One of the more interesting theories regarding moths is how they navigate. Some scientists believe that nocturnal moths use the stars and moon to plan their journeys. They adjust their angle according to the celestial lights and navigate by keeping those stars at that angle. Much in the same way sailors used to use the stars to navigate the seas.  But if the moon and stars are hidden, they will focus on other signals, like the Earth's magnetic fields. They can use the field much like a compass.

One might think this is the reason why moths are drawn to artificial lights, but strangely this has nothing to do with it. Scientists have been trying to figure out why they fly towards candles, but they're still not sure. Some believe candles and lights give off ultra-violet light which might look like food, or the light could produce a chemical that is akin to female pheromones.

There really is no straight answer for why the moth is drawn to the flame.

Folklore and Supersition


Apart from their natural beauty and abilities, the moth has inspired interesting superstitions and stories over the years. In Mexico, they believe that if a large black moth sits above your front door a family member will die soon. In the same country, a white moth represents a lost soul, and so you should be hospitable and help it on its way, so it can find a way to the afterlife.


The Luna Moth from North America.

The Luna Moth, an insect from North America represent the continuing quest for knowledge, truth, and heightened awareness. Because they live only for a week, the moth must seek and absorb everything it can, thus being the very essence of learning and understanding everything in a small window of time. 


And above and beyond their beauty, abilities, and legends, moths also help us directly. We can make silk from their pulpa's (or cocoons), which is the largest trade in Asia, and the Atlas Moth's cocoons are strong enough to be made into fine purses.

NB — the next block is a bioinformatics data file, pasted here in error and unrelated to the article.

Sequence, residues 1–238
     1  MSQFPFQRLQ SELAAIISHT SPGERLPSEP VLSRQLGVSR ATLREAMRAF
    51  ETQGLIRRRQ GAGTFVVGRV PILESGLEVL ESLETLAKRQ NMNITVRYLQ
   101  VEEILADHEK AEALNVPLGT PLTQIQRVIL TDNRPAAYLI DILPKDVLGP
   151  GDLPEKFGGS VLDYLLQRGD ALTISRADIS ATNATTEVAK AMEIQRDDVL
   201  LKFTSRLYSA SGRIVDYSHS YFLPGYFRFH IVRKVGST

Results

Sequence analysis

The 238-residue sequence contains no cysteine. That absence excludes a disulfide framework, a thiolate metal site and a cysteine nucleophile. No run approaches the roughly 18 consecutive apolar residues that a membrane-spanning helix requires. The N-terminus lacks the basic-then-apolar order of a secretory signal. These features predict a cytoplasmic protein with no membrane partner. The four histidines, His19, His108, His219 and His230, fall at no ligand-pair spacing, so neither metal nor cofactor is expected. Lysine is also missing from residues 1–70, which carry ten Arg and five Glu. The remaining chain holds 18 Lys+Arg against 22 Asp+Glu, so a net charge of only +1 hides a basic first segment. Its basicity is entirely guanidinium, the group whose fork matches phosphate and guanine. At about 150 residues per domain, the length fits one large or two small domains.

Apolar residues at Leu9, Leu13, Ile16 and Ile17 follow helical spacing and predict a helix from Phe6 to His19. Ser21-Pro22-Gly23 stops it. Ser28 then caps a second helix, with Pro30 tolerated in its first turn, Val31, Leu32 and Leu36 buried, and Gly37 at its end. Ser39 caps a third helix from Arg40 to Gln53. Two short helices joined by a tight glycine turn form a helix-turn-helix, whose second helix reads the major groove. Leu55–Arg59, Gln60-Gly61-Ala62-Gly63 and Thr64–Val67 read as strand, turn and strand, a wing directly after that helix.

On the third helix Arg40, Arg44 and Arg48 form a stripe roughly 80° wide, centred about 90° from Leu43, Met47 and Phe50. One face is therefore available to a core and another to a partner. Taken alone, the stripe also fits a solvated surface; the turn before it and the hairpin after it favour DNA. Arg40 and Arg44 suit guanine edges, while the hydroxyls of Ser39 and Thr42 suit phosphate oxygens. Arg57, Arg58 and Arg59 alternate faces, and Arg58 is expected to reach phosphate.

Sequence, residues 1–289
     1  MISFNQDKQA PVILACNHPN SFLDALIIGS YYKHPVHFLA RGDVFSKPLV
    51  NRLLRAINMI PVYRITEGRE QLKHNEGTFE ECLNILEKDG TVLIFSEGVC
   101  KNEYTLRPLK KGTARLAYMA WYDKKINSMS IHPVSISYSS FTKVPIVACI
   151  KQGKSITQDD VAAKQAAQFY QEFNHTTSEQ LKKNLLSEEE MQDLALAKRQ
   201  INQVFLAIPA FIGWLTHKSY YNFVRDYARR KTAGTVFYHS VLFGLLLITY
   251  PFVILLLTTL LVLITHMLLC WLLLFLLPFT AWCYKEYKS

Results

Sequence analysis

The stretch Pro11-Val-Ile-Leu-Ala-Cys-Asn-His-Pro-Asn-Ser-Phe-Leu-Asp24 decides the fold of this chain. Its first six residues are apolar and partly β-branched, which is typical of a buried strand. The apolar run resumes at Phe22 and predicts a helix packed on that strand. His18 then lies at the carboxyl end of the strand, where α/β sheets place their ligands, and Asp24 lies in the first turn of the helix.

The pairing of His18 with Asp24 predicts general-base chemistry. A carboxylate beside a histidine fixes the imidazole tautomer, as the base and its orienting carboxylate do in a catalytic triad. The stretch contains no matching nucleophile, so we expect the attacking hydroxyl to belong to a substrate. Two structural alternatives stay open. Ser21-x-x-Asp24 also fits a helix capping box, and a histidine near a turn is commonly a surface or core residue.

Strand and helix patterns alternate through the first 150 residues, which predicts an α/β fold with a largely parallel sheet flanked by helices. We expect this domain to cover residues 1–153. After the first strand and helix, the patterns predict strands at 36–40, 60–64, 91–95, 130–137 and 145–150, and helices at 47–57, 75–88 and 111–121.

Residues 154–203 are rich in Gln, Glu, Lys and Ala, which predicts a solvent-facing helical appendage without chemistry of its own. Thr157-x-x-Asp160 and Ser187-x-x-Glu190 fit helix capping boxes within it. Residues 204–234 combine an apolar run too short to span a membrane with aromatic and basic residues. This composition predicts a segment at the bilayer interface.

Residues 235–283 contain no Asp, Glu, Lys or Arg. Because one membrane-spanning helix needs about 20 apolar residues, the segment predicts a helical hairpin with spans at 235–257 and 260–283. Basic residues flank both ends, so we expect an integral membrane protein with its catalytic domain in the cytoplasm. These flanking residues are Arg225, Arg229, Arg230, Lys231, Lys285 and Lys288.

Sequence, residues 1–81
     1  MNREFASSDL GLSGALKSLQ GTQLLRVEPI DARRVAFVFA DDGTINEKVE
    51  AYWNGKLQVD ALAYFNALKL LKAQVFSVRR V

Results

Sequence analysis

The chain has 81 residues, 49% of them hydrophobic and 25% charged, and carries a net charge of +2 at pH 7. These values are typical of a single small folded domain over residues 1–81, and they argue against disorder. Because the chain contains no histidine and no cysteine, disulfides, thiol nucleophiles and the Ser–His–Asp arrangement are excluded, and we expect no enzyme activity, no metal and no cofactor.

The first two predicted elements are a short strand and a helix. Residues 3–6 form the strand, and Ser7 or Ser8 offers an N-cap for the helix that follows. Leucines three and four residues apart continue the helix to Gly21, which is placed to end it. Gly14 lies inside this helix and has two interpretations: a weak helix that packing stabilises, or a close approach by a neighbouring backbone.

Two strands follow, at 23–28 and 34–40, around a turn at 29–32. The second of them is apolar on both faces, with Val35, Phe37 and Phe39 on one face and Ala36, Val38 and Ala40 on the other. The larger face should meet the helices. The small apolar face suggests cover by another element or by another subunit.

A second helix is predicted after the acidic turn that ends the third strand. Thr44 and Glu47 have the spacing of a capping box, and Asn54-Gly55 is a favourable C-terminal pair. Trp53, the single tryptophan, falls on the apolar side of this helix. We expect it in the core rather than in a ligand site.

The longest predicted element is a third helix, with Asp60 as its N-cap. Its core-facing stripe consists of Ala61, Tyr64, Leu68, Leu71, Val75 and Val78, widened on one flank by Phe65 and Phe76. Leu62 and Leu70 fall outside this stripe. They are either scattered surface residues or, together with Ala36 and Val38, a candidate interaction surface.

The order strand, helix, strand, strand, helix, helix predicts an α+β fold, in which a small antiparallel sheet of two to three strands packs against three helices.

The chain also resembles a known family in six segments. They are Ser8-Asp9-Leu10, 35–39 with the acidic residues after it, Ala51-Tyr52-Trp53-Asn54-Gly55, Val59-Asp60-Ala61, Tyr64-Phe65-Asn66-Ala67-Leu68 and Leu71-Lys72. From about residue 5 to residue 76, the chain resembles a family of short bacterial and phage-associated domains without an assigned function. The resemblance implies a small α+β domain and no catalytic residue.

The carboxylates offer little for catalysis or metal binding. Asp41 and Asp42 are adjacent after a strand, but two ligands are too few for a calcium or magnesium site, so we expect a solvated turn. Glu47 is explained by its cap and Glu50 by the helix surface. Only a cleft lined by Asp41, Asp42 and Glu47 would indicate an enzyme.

The Atlas Moth is the largest in the world, with a wingspan of 25 centimetres. That's about the size of your dinner plate. Whereas the smallest moth is an unnamed moth from the Congo with a wingspan of only 1 millimetre.

Moths are also better pollinators than butterflies. Particularly the Humming-bird hawk-moth. Their fluffy legs enable them to pick up a lot more pollen, which helps the ecosystem and lets the flowers grow much more plentiful, enabling bees to make more honey in turn. 


And finally, they are quite a delicacy, around 90% of the African population eat them. They offer a lot of benefits to the immune system: from healthy fats to protein, they are packed with vitamins, and they're easy to catch. Just don't go out and eat any of them on your own, because some of them are still poisonous!


So maybe moths aren't as flashy as butterflies (some are) and maybe they do eat our clothes (most don't) but for such a small insect, which gives so much for so little, they certainly are magnificent little things. 

Copyrighted© to the Absurd and Fantastical - use of material prohibited

bottom of page